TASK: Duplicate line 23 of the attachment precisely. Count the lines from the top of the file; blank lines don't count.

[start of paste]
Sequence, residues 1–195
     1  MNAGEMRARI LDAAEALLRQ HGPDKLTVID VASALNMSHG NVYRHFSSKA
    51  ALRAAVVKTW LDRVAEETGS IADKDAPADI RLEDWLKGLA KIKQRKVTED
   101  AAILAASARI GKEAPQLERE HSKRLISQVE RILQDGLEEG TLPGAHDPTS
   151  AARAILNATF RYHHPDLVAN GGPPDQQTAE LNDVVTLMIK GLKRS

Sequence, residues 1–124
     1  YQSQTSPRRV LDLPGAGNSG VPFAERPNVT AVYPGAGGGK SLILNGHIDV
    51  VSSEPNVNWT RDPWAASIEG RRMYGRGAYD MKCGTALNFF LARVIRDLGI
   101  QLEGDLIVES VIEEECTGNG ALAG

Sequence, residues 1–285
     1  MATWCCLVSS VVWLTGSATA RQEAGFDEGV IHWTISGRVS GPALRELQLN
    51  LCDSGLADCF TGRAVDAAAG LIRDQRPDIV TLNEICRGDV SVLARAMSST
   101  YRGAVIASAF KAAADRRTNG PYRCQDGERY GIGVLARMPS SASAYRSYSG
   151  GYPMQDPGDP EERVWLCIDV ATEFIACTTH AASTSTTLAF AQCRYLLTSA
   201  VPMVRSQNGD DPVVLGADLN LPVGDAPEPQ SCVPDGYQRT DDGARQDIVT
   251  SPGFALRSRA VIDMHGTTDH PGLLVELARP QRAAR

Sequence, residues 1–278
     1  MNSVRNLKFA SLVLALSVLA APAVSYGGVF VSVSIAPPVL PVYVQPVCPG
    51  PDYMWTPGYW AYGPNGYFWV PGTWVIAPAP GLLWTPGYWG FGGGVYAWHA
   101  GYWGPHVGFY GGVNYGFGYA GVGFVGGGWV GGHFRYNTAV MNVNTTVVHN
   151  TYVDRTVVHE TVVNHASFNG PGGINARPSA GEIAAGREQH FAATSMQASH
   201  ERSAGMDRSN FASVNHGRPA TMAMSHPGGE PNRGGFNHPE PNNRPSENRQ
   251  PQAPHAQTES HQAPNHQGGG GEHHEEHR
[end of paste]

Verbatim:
   251  PQAPHAQTES HQAPNHQGGG GEHHEEHR